Psalm 10:7
His mouth is full of cursing and deceit and fraud: under his tongue is mischief and vanity.
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(7) Cursing and deceit.—From the connection of cursing with deceit (comp. Hosea 4:2, “swearing and lying “), we must understand perjury.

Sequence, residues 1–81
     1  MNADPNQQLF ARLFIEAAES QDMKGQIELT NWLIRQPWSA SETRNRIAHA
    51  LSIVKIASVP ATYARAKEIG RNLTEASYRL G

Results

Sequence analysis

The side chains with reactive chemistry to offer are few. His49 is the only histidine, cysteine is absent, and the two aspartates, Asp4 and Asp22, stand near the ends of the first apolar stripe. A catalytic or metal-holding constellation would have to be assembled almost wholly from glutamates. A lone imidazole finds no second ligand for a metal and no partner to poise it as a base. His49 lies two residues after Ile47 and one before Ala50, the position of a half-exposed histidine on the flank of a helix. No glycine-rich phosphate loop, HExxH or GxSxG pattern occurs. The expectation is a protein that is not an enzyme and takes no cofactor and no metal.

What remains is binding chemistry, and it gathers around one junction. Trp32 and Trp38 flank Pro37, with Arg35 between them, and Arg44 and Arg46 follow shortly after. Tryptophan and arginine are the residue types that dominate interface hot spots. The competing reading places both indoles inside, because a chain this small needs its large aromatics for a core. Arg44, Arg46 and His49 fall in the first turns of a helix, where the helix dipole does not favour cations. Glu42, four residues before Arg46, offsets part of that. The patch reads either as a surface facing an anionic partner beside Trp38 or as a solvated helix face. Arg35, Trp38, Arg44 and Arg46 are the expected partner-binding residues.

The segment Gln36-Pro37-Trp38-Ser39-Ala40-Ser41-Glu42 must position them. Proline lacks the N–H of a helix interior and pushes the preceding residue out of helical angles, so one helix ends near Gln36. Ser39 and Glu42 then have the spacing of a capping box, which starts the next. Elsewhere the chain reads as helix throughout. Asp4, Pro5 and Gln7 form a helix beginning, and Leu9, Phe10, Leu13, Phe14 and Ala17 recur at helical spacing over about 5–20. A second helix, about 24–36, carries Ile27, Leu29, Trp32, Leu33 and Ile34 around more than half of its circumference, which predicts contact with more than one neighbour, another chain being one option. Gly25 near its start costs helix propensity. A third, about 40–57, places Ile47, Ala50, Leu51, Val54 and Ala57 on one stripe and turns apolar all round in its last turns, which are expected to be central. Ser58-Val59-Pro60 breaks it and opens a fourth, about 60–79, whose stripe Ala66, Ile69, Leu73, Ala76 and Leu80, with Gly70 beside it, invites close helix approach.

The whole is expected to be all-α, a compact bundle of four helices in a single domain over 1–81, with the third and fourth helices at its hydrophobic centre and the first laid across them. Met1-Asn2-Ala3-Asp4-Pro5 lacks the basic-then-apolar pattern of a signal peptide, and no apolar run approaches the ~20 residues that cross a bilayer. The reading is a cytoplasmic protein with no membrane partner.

Psalm 10:7. His mouth is full of cursing — Of oaths and blasphemies against God; of reviling and execration of other men, especially of those that are good, and those that stand in his way, and hinder his wicked designs; and, perhaps, also of oaths and imprecations against himself, by which he endeavours to gain credit, and to make his neighbours secure, and so to make way for the deceit and fraud here next mentioned. He sticks at nothing that may serve his ends: for he makes no conscience of calling for one curse after another upon himself to confirm those promises which he never intends to keep, or to swear that which he knows is false, that by these impious means he may deceive those who rely on his word or oath. Under his tongue — Under his fair and plausible speeches; is mischief — Mischievous wickedness lies hid, and vanity, or iniquity, as the word און, aven, is often rendered, or injury; the vexation or oppression of other men, which he covers with these fair pretences.10:1-11 God's withdrawings are very grievous to his people, especially in times of trouble. We stand afar off from God by our unbelief, and then complain that God stands afar off from us. Passionate words against bad men do more hurt than good; if we speak of their badness, let it be to the Lord in prayer; he can make them better. The sinner proudly glories in his power and success. Wicked people will not seek after God, that is, will not call upon him. They live without prayer, and that is living without God. They have many thoughts, many objects and devices, but think not of the Lord in any of them; they have no submission to his will, nor aim for his glory. The cause of this is pride. Men think it below them to be religious. They could not break all the laws of justice and goodness toward man, if they had not first shaken off all sense of religion.His mouth is full of cursing - Profaneness; blasphemy against God. In the former verse the writer had described the feelings of the "heart;" he now proceeds to specify the open acts of the wicked. The meaning is, that the wicked man, as here described, was one who was full of imprecation, swearing, execration; a "profane" man; a man who, whatever was his belief about God, would constantly call upon his name, and imprecate his wrath on himself or others. An atheist, strange as it may seem, is as likely to make a frequent use of the name of God, and to call upon Him, as other people; just as profane people, who have no belief in the Saviour, swear by Jesus Christ. This passage seems to be referred to by the apostle Paul in Romans 3:14, not as a direct quotation, as if the psalmist referred to the point which he was arguing, but as language which expressed the idea that the apostle wished to convey. See the note at that passage.